This post was sponsored by the National Sleep Foundation as part of an Influencer Activation for Influence Central. All opinions expressed in my post are my own.
Ah, sleep. It’s really one of my favorite things to do…when I can actually do it! Sleeping is so incredibly beneficial to our bodies and our minds. We literally need it to survive. Yet so many of us have a hard time actually getting it! I’ve personally suffered from some form of insomnia since I was a teenager. For most of my life, the biggest challenge comes when I lay my head down on the pillow. Falling asleep has never come easily to me. Up until recently, I could at least count on the fact that once I finally managed to drift off I’d stay asleep until my alarm rang out. Lately, though, I’ve been waking up multiple times throughout the night, each time unable to drift back right away.
While insomnia can happen for many reasons, for me it’s primarily related to my anxiety disorder. My brain literally never stops going, and most of the time it’s chattering about the things it feels I should worry about. Sometimes, those are very logical worries: bills, my son, illnesses in my family, and so on. Much of the time, though, my brain decides that 2am is the perfect time to worry about something mean someone said to me back in 1993 or something else incredibly random and bizarre. Those of you with anxiety disorder know exactly what I’m talking about!
Over the years, I’ve developed survival techniques to help force my brain out of worry mode and actually quiet down long enough for me to fall asleep. These techniques combined with tips from The National Sleep Foundation have really helped me. Even if you don’t suffer from chronic anxiety, these tips will hopefully help you too!
5 Tips for Getting Some Sleep When Your Brain Won’t Shut Down
Create your own “get drowsy” routine
If I go to bed before I’m physically tired, I’m guaranteed to toss and turn. I make sure I do things that will make me feel drowsy by my “bedtime.” Quiet activities like reading really help. Taking a warm bath with relaxing bath salts an hour or so before bedtime also help trigger feelings of drowsiness. Make sure you make your routine something that you can do every night, no matter where you are. That way, your brain will start to learn that once you begin the routine, it’s time to settle down.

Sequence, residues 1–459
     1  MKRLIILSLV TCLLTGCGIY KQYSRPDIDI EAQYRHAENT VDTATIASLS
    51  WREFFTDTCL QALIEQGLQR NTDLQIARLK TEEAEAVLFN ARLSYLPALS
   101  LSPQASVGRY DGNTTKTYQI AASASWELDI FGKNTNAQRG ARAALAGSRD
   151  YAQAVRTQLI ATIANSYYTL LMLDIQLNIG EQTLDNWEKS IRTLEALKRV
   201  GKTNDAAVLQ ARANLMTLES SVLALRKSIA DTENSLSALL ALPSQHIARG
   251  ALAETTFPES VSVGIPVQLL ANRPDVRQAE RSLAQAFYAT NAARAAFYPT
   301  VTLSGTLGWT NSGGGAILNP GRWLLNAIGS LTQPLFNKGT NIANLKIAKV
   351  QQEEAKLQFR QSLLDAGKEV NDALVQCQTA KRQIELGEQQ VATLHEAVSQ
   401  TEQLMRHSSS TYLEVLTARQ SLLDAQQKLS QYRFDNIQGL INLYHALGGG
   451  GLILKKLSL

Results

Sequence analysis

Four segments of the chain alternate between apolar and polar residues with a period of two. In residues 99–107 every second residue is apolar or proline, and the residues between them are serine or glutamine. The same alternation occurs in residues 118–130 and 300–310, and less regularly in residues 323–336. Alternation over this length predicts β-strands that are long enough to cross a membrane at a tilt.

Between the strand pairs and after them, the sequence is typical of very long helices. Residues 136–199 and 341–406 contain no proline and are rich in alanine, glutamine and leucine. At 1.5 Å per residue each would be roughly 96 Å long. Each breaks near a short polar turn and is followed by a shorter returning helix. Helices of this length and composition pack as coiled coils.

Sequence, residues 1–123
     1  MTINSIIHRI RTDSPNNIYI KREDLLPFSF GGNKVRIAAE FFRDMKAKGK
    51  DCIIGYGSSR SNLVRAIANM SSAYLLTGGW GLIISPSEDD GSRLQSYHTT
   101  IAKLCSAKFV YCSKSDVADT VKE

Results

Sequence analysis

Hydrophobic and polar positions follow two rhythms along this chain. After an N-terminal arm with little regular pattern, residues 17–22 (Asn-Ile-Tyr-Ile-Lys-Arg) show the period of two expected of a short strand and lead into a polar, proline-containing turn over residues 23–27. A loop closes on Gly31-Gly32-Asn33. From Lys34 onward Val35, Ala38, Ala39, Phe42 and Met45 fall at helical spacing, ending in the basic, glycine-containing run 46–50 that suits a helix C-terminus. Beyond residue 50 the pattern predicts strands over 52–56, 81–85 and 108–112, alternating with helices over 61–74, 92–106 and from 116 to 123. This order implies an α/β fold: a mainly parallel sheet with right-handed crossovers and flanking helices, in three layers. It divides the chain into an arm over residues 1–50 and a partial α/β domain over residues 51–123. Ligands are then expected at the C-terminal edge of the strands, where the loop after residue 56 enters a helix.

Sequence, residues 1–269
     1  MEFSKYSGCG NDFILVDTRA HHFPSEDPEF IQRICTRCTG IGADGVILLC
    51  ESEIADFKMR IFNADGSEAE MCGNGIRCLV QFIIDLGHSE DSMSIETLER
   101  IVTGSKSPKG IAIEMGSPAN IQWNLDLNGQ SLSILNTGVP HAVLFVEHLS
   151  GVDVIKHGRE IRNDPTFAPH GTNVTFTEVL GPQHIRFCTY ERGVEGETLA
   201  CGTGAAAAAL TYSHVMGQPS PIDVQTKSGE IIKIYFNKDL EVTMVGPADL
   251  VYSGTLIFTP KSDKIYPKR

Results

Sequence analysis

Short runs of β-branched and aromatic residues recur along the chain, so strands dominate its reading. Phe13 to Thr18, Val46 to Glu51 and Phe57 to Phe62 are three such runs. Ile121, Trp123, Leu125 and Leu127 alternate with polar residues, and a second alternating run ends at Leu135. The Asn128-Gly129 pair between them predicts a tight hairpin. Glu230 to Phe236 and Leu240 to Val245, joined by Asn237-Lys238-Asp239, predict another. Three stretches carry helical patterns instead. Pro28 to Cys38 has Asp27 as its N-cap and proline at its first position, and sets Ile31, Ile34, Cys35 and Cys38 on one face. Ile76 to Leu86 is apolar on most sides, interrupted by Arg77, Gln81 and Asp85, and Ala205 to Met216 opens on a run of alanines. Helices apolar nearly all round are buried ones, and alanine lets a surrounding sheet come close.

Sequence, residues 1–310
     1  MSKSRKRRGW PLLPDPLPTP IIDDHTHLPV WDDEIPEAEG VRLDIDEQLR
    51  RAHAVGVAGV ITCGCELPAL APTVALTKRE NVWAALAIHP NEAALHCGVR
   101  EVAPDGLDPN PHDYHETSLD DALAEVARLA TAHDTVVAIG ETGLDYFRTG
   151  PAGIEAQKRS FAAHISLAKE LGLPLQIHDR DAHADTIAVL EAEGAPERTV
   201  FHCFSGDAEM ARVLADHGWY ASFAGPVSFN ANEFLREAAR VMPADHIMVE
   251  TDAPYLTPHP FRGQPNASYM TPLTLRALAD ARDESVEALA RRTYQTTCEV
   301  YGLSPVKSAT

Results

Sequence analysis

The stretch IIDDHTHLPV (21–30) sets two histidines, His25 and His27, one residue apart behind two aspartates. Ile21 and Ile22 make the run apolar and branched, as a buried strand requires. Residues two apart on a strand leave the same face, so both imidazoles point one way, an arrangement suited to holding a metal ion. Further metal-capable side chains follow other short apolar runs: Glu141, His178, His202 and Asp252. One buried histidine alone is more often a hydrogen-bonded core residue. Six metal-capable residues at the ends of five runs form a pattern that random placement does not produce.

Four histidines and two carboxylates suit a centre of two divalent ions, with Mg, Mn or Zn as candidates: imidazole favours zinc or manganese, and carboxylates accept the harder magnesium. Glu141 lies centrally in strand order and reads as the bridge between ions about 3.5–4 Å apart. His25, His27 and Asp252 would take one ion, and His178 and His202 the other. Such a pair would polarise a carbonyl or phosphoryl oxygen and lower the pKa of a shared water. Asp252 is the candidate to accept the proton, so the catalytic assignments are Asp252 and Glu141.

Create the right environment
The right environment makes all the difference in convincing your brain that it’s time for sleep. Ideally, your room should be dark and quiet. For me, the perfect environment is pitch black, with just the sound of my fan in the background. My husband, on the other hand, can’t fall asleep unless the TV is on. We recently got back together after a long separation and we’re trying to find a compromise. I wear a sleep mask and he keeps the volume relatively low. He puts the sleep timer on so the TV isn’t running all night. I admit that I am having a really hard time falling asleep lately because of that TV, but I’m trying to adapt because I don’t want us to sleep in separate rooms! Sleep.org has a great article about adapting to sleeping with others. If you’re dealing with a similar situation, I suggest checking it out.
Create a stress-free buffer around bedtime
, a fantastic resource for people who suffer from insomnia, shared five things NOT to do before bedtime. One of those tips was about avoiding stress. Easier said than done for many of us, I know. Still, you can create a buffer around your bedtime and declare it “stress-free time.” Once about 7PM rolls around, I stop checking my emails, stay off of Facebook (too many fights), and stop taking phone calls from anyone that I think may stress me out. You might not be able to eliminate all stress, but at least try to cut back on as many sources of it as you can.
Redirect, redirect, redirect
A few years ago, I started forcing my mind to redirect every time it began worrying about something. I’d create a happy scenario. Something like building my dream home or planning my perfect vacation. Every time my mind wanders, I say very loudly in my head “knock it off” and force it back to the “happy place.” It takes a lot of redirection to keep on track, but this one trick has really helped me fall asleep on even my worst “worrying” nights.
Talk to your doctor
If you just can’t get to sleep at night or are falling asleep but not feeling rested in the morning, talk to your doctor about your options. You could have underlying medical causes that, once treated, can help you get the much-needed sleep that you need. The National Sleep Foundation has tips on how to start a conversation with your doctor about your sleep issues. Along with talking to your doc, you can also join support groups (either online or in person) and learn from others dealing with the same issue. At the very least, you’ll know you’re not alone, and that can go a long way to soothing your anxious mind.
Visit www.sleepfoundation.org and www.sleep.org for more information about how to get a good night’s rest. If you’re suffering from insomnia, I highly recommend checking out www.beyondtired.org. It’s an incredible resource!
Do you have any tips or tricks to help shut your mind down at bedtime? Share in the comments!